Thus, the present invention has the following unique features that make the method of the present invention superior to prior art methods. First, the defined web page interactivity survives across all pages within a site without any changes to the code on each page. Acting on an object (which was previously defined in the authoring component) on a web page causes an interactive action to occur regardless of where the object appears in the site. The method of the present invention can dynamically control a actual live web site without changing the underlying HTML code of the web site. The method can dynamically provide pop-up and sidebar help depending on what is present on the given page by identifying that a previously uniquely defined object is on the page. The authoring component of the present invention uniquely identifies and defines objects and elements for the generation of a desired interactive action.
 The novel features that are characteristic of the present invention are set forth in the appended claims. However, the invention's preferred embodiments, together with further objects and attendant advantages, will be best understood by reference to the following detailed description taken in connection with the accompanying drawings in which:
FIG. 1 is a pictorial representation of the Internet;
FIG. 2 is a block diagram of a client machine used to access the Internet;
FIG. 3 is a block diagram of a network used in accordance with the present invention;
FIG. 4 is an illustration of a web page with a button for manually launching the assist program of the present invention;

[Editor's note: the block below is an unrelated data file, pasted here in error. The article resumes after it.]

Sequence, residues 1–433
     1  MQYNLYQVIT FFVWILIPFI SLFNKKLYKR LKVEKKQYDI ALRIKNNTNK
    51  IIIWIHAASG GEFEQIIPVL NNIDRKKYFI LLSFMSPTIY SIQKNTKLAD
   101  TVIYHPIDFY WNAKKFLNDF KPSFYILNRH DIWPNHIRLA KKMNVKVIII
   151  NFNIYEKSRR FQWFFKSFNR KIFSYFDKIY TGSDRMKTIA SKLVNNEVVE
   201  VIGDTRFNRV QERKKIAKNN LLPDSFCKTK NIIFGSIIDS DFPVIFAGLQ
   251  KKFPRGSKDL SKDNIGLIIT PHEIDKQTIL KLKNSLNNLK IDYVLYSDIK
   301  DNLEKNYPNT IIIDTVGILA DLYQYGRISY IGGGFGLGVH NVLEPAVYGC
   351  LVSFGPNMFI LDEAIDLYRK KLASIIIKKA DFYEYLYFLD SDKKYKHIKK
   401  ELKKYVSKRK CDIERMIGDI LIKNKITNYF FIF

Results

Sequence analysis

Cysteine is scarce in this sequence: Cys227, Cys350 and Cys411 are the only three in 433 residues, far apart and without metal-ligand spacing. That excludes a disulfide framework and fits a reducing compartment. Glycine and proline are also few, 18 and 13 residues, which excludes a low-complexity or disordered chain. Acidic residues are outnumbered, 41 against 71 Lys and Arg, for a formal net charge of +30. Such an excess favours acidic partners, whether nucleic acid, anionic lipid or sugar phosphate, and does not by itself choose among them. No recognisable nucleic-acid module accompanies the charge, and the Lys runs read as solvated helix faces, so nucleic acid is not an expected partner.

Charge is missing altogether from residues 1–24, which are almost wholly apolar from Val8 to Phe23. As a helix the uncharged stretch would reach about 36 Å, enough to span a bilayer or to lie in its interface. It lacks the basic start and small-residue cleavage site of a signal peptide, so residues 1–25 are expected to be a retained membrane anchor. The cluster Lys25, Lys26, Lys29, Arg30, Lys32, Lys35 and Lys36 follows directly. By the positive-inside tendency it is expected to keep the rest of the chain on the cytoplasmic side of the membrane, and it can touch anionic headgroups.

FIG. 5 is an illustration of a web page that is running the assist program of the present invention;
FIG. 6 is an illustration of a web page that is running the assist program of the present invention with a dialog box being displayed;
FIG. 7 is an illustration of a web page that is running the assist program of the present invention showing the highlight tool in use;
FIG. 8 is a flow chart showing use of the method of the present invention to control navigation of a web page by a user;
FIG. 9 is a flow chart showing use of the authoring component of the present invention;
FIG. 10 is an illustration of the authoring component of the present invention;
FIG. 11 is an illustration of the authoring component linking a web object to the highlight tool;
FIG. 12 is an illustration of the Pick settings for the highlight tool;
FIG. 13 is an illustration of the Highlight Settings for the Highlight Tool;
FIG. 14 is an illustration of the authoring component linking a web object to the Click Tool;
FIG. 15 is an illustration of the Pick Settings for the Click Tool;
FIG. 16 is an illustration of the Click Settings for the Click Tool; and